Bad man­ners at 36,000 feet

The Labradorian - - EDITORIAL - Rus­sell Wanger­sky

For­give me for a mo­ment as I write about some­thing par­tic­u­larly close to my world.

I’m just back from a two and a half week re­search project in the Ne­vada desert, fin­ish­ing up fol­low­ing the route my great­great-grand­fa­ther, Wil­liam Cas­tle Dodge, took to the 1849 gold rush. It’s a route clearly left in his di­ary, a re­mark­able trip made by a 22-year-old.

But while I’ll be writ­ing about that trip in de­tail in a book, this col­umn’s about the nec­es­sary evil it took to reach the desert and re­turn, along with some work-re­lated side travel; in all, 11 flights, trips rang­ing from late in the evening to the very early morn­ing.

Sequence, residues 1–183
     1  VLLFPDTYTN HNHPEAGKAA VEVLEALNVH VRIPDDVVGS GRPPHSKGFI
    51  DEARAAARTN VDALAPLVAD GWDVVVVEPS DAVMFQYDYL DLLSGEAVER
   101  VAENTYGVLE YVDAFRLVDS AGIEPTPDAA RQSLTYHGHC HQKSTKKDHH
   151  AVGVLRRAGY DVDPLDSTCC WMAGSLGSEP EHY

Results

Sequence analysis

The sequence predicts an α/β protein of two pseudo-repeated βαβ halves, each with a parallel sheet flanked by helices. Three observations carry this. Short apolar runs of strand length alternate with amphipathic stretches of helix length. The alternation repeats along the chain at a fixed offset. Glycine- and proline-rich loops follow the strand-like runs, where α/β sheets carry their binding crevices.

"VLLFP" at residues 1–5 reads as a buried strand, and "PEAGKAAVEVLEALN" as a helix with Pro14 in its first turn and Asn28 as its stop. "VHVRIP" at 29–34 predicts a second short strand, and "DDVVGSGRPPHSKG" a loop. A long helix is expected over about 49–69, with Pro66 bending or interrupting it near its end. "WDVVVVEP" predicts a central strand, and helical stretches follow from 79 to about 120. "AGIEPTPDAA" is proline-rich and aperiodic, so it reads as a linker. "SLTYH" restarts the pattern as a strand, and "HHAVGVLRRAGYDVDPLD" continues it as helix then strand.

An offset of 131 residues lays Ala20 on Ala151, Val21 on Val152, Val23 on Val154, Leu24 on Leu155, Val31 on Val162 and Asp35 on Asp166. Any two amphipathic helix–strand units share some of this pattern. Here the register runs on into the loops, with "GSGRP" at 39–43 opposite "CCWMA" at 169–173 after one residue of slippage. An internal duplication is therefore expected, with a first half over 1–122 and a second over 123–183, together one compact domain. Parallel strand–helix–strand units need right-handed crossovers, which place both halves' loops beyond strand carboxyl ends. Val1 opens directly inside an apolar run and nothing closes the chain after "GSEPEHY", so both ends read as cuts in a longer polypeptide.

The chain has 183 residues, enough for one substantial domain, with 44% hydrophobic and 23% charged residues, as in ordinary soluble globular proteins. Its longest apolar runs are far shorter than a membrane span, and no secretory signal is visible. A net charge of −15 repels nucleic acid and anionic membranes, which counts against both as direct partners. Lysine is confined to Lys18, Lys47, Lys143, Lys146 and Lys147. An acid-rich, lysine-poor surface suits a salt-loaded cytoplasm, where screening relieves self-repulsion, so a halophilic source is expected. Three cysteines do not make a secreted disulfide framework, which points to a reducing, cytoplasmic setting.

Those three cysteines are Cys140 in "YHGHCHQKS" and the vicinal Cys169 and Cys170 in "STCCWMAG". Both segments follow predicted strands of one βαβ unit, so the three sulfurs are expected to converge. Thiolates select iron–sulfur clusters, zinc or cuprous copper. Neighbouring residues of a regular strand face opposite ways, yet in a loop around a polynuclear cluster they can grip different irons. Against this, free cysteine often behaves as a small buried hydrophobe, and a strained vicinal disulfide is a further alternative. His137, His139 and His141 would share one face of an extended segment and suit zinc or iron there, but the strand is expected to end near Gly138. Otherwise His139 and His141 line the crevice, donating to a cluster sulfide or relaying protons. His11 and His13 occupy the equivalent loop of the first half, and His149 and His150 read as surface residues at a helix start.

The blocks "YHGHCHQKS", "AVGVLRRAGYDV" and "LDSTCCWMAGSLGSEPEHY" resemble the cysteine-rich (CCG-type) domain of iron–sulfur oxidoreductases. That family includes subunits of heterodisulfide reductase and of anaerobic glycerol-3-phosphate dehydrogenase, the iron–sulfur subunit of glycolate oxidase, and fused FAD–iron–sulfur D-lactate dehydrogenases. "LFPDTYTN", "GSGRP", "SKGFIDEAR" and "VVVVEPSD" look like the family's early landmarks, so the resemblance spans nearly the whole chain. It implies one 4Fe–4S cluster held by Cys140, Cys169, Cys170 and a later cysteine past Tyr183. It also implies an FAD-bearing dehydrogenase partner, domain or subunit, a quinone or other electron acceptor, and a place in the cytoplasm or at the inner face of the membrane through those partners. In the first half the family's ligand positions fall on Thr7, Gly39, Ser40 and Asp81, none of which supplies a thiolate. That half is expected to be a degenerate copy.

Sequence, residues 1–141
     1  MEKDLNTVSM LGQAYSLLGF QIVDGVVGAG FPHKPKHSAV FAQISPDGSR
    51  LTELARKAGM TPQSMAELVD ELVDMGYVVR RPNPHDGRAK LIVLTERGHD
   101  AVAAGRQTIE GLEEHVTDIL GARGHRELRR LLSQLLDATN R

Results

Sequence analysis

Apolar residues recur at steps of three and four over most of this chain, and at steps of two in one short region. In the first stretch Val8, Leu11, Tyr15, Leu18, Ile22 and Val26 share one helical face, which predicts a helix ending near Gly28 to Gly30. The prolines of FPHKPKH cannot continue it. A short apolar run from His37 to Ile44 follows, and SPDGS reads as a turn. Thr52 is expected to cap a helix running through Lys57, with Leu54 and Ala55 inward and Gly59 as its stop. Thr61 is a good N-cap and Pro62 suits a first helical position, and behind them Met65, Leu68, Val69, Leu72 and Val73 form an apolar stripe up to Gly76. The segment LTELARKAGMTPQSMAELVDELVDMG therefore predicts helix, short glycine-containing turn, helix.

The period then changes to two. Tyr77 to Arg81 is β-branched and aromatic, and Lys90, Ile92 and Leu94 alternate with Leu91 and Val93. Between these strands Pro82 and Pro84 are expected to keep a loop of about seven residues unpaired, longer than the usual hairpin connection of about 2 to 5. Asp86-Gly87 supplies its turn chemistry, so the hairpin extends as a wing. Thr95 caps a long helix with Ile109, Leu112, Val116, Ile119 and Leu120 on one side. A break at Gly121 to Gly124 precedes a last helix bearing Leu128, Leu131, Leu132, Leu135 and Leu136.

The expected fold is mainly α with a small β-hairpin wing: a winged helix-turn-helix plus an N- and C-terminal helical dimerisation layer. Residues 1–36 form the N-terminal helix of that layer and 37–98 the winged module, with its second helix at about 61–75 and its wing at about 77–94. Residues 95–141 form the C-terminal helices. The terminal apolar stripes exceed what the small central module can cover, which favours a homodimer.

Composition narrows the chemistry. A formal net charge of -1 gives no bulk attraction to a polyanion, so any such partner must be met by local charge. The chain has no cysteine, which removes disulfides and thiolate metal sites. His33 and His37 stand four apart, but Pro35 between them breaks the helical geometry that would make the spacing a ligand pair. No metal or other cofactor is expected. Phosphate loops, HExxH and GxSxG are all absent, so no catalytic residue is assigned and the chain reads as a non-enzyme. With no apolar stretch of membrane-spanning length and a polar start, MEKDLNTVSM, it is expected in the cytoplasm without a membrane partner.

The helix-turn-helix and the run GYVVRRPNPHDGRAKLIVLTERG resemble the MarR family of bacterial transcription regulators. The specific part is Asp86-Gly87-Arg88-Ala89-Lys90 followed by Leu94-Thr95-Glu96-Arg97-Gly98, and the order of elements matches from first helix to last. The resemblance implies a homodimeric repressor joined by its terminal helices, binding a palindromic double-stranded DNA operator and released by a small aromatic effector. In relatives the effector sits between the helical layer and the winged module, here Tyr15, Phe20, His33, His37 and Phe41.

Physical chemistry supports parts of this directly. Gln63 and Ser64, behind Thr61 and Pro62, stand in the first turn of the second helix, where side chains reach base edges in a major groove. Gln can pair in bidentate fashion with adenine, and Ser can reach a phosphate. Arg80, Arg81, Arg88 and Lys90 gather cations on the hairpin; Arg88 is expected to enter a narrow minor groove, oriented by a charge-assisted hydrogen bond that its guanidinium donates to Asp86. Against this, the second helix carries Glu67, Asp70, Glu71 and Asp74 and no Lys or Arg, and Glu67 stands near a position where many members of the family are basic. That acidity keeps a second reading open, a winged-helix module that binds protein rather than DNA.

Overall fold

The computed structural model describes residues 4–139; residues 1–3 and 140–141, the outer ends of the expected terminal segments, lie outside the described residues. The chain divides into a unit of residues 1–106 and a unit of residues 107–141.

And I have some sug­ges­tions.

Say you are on an early, early flight to any At­lantic city from Toronto; fly­ing east, you’ve missed a late-night con­nec­tion, and have been stuffed in an air­port ho­tel at half-past mid­night. Don’t worry, the air­line says: you’ll be on the next avail­able plane. But that means a 5 a.m. wake-up call, and you don’t sleep well any­way. You make your way through a sleep­less fog to the plane, con­fi­dent that you can catch a nap.

But no. On ev­ery sin­gle plane that flies, you will be within three rows of two wide-awake peo­ple who know each other — or, worse, don’t know each other.

They’ll start a spirited con­ver­sa­tion as soon as their seat­belts are on, and as the flight crew dims the lights and the jets roar, they’ll up the vol­ume so they

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